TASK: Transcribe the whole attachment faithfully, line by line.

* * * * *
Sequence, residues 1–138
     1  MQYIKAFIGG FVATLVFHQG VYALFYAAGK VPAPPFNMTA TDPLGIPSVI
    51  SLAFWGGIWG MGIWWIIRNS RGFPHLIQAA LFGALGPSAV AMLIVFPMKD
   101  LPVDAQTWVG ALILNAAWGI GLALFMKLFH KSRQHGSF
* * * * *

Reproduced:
Sequence, residues 1–138
     1  MQYIKAFIGG FVATLVFHQG VYALFYAAGK VPAPPFNMTA TDPLGIPSVI
    51  SLAFWGGIWG MGIWWIIRNS RGFPHLIQAA LFGALGPSAV AMLIVFPMKD
   101  LPVDAQTWVG ALILNAAWGI GLALFMKLFH KSRQHGSF